"I won't eat too many rolls. I will not eat too many rolls. I will not eat more than 1 roll." These are the words that run through my head when we are headed to a steak house for dinner. Seriously, why are steak house rolls so addicting? What do they put in those things?
When the waiter walks over to the table and places a basket of warm, buttery rolls on the table in front of me, I just can't resist. They are all wrapped up in a napkin so I feel like it's a gift that is just begging to be unwrapped and enjoyed. (After all, it would be rude not to enjoy the gift, right?)
If I really wanted to avoid the temptation of these little delicacies, I could ask them not to bring the bread basket to the table but the truth is, they're totally worth the splurge. I love them. (Even if it means that I overindulge on bread and end up bringing most of my dinner home.)
I would say that the rolls are what keeps me going back to a great steakhouse because I can't even remember the last time I actually ordered a steak at any restaurant. Well, the rolls AND the fact that my family loves to go out for a steak dinner.
I found a recipe for Texas Roadhouse Rolls (Some of my favorites) on www.envymycooking.blogspot.com. I am about to embark on some very dangerous territory. If these really are as good as their steak house counterpart, I am in serious trouble. Here goes nothing...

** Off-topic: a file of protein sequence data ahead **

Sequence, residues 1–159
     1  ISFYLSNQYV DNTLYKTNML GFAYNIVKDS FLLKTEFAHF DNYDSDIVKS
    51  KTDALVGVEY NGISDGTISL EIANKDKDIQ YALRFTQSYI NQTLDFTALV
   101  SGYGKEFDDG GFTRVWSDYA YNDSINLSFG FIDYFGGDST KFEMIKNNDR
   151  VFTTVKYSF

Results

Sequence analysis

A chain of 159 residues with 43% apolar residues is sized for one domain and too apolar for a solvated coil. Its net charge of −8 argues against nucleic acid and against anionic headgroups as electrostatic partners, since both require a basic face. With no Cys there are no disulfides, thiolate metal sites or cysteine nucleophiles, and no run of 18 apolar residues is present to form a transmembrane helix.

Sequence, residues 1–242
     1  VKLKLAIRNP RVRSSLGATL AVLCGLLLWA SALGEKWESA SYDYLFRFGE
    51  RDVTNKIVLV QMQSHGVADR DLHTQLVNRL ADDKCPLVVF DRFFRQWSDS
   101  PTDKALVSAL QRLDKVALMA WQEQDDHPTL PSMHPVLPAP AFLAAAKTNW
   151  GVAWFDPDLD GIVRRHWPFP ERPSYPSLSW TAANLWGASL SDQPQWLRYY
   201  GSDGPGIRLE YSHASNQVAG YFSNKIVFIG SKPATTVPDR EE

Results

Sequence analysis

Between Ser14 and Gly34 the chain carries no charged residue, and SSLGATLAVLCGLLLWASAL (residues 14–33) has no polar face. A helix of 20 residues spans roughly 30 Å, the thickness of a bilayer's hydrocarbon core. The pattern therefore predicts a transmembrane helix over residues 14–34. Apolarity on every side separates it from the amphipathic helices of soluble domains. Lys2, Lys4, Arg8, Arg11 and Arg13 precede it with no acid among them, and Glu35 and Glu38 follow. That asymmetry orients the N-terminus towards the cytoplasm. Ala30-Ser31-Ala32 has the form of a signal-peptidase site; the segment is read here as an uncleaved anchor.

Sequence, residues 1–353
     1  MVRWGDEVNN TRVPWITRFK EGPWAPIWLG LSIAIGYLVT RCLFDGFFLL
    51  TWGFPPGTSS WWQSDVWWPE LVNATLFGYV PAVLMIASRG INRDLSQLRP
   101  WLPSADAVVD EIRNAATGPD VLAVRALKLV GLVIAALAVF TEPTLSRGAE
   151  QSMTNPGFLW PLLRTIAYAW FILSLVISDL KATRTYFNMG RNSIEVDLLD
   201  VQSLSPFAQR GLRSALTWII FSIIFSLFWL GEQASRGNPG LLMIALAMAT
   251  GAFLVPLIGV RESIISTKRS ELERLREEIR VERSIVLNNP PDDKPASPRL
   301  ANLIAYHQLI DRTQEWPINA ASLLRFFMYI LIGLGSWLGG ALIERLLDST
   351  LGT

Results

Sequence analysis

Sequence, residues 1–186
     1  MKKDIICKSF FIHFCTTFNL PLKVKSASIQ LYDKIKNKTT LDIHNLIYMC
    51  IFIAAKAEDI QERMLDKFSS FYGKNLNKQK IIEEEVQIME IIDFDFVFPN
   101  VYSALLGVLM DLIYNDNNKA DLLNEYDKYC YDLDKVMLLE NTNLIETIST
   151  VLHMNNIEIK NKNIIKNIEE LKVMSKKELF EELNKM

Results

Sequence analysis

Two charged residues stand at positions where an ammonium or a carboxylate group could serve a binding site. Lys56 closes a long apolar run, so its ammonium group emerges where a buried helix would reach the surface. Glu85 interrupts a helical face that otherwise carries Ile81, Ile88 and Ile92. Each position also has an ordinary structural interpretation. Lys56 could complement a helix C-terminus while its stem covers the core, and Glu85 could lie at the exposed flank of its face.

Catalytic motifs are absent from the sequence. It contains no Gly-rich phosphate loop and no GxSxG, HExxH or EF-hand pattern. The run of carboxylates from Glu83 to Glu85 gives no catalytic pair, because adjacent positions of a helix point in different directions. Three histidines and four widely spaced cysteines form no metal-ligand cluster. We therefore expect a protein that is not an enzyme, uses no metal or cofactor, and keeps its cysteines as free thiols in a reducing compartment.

Texas Roadhouse Copy Cat Rolls
4 tsp. active dry yeast
1/2 c. warm water
2 c. milk, scalded and cooled to lukewarm
3 Tbl. of melted butter, slightly cooled
1/2 c. sugar
2 quarts all purpose flour (7-8 cups)
2 whole eggs
2 tsp. salt
Add milk, sugar and 3 cups of flour to make a medium batter. Beat thoroughly.
Let stand until light and foamy.
Put into a greased bowl, cover and let rise in a warm place until double in bulk.
Punch down. Turn out onto a floured board. Divide into portions for shaping; let rest 10 minutes.
Place on greased baking sheets. Let rise until doubled.
Bake at 350 degrees for 15 minutes or until golden brown. Baste immediately with butter.
Serve warm. Or even better ... with honey butter.
Drooling yet? But wait ... I split one open so you could see the flaky inside too. (You're welcome.)
Yup, I'm in trouble. These rolls give those steak house rolls a run for these money. And to answer my earlier question "What do they put in those things?", the answer is butter.
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